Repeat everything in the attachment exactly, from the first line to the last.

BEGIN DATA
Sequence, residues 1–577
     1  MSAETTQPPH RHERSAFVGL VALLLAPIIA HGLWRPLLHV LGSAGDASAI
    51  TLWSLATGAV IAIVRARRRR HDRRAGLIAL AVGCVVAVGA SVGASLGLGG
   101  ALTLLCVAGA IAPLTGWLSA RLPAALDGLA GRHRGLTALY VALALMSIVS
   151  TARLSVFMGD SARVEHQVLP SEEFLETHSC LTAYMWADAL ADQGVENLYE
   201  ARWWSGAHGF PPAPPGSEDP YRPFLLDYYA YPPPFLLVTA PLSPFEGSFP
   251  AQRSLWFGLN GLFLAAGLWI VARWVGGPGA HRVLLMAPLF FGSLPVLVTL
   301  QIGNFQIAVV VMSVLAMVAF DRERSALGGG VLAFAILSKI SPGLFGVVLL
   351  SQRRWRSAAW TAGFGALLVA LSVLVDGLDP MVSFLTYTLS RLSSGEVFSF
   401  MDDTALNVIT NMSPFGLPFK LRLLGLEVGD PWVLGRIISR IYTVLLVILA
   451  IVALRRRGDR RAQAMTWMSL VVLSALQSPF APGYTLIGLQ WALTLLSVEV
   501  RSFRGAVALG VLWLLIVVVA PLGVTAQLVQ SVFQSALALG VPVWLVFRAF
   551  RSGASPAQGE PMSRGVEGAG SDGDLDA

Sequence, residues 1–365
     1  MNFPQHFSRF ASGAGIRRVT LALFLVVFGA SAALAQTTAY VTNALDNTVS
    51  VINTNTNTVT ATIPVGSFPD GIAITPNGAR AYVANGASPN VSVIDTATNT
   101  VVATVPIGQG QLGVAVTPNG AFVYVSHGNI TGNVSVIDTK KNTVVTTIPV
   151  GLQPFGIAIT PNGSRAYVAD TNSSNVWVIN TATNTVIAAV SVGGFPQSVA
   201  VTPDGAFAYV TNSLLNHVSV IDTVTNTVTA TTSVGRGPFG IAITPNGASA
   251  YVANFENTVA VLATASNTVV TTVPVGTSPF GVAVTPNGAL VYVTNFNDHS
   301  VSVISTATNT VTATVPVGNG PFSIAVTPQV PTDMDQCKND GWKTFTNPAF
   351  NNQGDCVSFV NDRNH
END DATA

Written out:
Sequence, residues 1–577
     1  MSAETTQPPH RHERSAFVGL VALLLAPIIA HGLWRPLLHV LGSAGDASAI
    51  TLWSLATGAV IAIVRARRRR HDRRAGLIAL AVGCVVAVGA SVGASLGLGG
   101  ALTLLCVAGA IAPLTGWLSA RLPAALDGLA GRHRGLTALY VALALMSIVS
   151  TARLSVFMGD SARVEHQVLP SEEFLETHSC LTAYMWADAL ADQGVENLYE
   201  ARWWSGAHGF PPAPPGSEDP YRPFLLDYYA YPPPFLLVTA PLSPFEGSFP
   251  AQRSLWFGLN GLFLAAGLWI VARWVGGPGA HRVLLMAPLF FGSLPVLVTL
   301  QIGNFQIAVV VMSVLAMVAF DRERSALGGG VLAFAILSKI SPGLFGVVLL
   351  SQRRWRSAAW TAGFGALLVA LSVLVDGLDP MVSFLTYTLS RLSSGEVFSF
   401  MDDTALNVIT NMSPFGLPFK LRLLGLEVGD PWVLGRIISR IYTVLLVILA
   451  IVALRRRGDR RAQAMTWMSL VVLSALQSPF APGYTLIGLQ WALTLLSVEV
   501  RSFRGAVALG VLWLLIVVVA PLGVTAQLVQ SVFQSALALG VPVWLVFRAF
   551  RSGASPAQGE PMSRGVEGAG SDGDLDA

Sequence, residues 1–365
     1  MNFPQHFSRF ASGAGIRRVT LALFLVVFGA SAALAQTTAY VTNALDNTVS
    51  VINTNTNTVT ATIPVGSFPD GIAITPNGAR AYVANGASPN VSVIDTATNT
   101  VVATVPIGQG QLGVAVTPNG AFVYVSHGNI TGNVSVIDTK KNTVVTTIPV
   151  GLQPFGIAIT PNGSRAYVAD TNSSNVWVIN TATNTVIAAV SVGGFPQSVA
   201  VTPDGAFAYV TNSLLNHVSV IDTVTNTVTA TTSVGRGPFG IAITPNGASA
   251  YVANFENTVA VLATASNTVV TTVPVGTSPF GVAVTPNGAL VYVTNFNDHS
   301  VSVISTATNT VTATVPVGNG PFSIAVTPQV PTDMDQCKND GWKTFTNPAF
   351  NNQGDCVSFV NDRNH